"New York", Ethiopia
Trip Start Dec 25, 2008
41Trip End Mar 28, 2009
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We started our day with an incredible sunrise and breakfast (unfortunately, no bula fir fir available :() with Endale, Demake, and our friend Hids - we'd met Hids in Lalibela and, just by coincidence, ended up at the same hotel in Arba Minch. We then made our way to the Konso region - about 3 hours south. Our first stop was in a village called Gesergio, also known as "New York", due to the towering sand formations resembling skyscrapers. We weren't sure if we'd be able to go, due to safety reasons, but Endale did some "reconnaissance" and felt that things were ok - apparently, "faranji frenzy" had gone to the extreme in Gesergio, and there had been instances of kids attacking cars if denied water bottles or pens
After Gesergio, we went to Machekie, another Konso village nearby. Walking around the maze of orderly walkways, hemmed in by stone walls and interlocking wood fences, was amazing - set up in such a way for protection and to keep cattle from roaming. There were several compounds in the village, each for a separate clan - we visited the chief's, which included a number of thatch-roofed huts. We then headed to the Konso market - a much livelier one than the Dorze market we'd visited just a couple of days earlier and a feast of colorful, fascinating sights for the eyes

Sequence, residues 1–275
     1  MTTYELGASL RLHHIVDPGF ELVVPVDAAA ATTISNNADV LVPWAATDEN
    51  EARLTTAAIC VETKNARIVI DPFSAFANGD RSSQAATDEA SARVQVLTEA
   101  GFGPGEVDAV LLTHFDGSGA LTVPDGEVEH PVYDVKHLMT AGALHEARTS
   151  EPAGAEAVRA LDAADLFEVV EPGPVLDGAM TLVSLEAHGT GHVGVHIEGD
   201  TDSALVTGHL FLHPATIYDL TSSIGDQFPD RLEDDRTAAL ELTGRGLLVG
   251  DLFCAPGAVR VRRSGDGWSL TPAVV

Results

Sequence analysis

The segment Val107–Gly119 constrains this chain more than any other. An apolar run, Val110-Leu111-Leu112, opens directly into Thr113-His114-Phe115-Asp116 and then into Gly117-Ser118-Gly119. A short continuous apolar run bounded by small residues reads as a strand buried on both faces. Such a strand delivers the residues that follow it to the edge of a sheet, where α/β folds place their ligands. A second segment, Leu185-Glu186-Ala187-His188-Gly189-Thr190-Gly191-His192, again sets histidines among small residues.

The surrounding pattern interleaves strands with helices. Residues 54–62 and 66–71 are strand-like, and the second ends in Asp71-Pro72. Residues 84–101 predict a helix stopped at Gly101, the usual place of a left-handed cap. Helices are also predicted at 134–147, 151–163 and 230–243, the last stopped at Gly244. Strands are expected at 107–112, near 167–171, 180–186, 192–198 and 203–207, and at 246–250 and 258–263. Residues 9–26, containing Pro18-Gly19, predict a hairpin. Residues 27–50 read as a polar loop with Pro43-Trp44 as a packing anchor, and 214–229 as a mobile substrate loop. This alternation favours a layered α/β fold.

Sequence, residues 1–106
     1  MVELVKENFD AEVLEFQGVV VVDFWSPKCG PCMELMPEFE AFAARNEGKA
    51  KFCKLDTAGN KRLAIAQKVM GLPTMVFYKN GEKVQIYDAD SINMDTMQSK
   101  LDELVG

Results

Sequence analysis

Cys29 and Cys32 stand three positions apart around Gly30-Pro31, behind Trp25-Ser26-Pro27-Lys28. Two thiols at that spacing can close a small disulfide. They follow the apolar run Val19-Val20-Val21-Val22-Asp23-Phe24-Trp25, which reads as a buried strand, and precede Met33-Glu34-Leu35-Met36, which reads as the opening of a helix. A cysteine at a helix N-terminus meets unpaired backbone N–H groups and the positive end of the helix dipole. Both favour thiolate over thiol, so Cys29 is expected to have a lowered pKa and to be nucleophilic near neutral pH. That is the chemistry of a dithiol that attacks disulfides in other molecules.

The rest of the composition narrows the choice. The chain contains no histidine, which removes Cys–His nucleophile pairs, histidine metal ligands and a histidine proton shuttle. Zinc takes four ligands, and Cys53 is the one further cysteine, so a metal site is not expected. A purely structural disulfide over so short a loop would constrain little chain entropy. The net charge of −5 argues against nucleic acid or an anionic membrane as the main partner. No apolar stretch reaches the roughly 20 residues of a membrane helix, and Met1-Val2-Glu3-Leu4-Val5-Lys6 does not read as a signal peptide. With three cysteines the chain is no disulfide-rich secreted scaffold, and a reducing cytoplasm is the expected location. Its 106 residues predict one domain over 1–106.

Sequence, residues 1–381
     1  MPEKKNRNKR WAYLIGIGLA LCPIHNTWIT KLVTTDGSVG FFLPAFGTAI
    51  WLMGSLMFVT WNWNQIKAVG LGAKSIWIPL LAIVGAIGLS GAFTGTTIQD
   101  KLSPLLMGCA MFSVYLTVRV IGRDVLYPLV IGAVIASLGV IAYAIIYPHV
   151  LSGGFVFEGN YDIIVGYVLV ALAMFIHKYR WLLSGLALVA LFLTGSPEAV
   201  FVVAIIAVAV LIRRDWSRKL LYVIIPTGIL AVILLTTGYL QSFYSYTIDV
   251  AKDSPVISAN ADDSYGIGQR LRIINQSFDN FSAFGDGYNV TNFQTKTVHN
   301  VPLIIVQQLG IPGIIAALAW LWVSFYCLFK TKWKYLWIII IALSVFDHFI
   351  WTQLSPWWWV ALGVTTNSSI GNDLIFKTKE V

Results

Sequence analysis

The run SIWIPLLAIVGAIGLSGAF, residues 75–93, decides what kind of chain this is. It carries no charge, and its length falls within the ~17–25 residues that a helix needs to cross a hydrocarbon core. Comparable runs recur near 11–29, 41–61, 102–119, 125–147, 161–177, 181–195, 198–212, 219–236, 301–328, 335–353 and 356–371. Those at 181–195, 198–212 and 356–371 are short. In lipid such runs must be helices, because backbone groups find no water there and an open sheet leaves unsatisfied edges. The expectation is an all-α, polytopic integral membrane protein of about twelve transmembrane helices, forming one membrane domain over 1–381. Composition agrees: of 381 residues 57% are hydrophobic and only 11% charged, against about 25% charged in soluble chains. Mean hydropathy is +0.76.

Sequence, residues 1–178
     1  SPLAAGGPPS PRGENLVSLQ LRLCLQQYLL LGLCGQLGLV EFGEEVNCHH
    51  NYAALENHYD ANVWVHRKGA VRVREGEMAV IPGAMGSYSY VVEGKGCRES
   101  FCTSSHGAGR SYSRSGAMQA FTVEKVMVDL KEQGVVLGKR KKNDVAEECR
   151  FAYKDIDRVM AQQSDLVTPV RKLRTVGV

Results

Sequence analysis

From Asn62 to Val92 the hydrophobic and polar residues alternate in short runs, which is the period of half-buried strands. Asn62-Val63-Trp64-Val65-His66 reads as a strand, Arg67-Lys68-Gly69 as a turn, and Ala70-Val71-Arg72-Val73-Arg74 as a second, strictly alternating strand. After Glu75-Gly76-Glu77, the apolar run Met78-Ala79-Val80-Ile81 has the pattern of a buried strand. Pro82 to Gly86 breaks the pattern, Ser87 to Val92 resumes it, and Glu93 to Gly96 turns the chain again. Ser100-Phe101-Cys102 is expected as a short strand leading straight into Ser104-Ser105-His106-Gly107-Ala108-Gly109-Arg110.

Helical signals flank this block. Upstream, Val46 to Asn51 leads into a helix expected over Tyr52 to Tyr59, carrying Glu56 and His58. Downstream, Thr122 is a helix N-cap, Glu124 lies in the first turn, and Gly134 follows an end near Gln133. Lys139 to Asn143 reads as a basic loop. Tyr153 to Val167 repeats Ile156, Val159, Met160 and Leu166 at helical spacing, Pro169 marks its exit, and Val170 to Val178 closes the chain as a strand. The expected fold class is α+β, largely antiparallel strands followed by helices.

On our way home from the market, we visited a Derashe village, a people located just north of the Konso, and bought some roadside fruit (I think the highlight of Lydia's day). We ended up with a pile of bananas and mangos in the back of the car - as soon as you stop your car on the side or the road, tons of kids run over with bowls of fruit - you've got to buy the whole thing, which still costs next-to-nothing. Following a long, but wonderful, day on the road and with the incredibly interesting Konso people, we wound down back at our hotel. After Lydia left our hut for a minute to check on our laundry, her report back pretty much epitomized much of our trip in Ethiopia: "I have news from the village: our laundry isn't ready yet, the UN is here, and there's a sheep outside." After a lovely dinner at our hotel, we dug into some of the day's fruit "catch" and called it a night . . .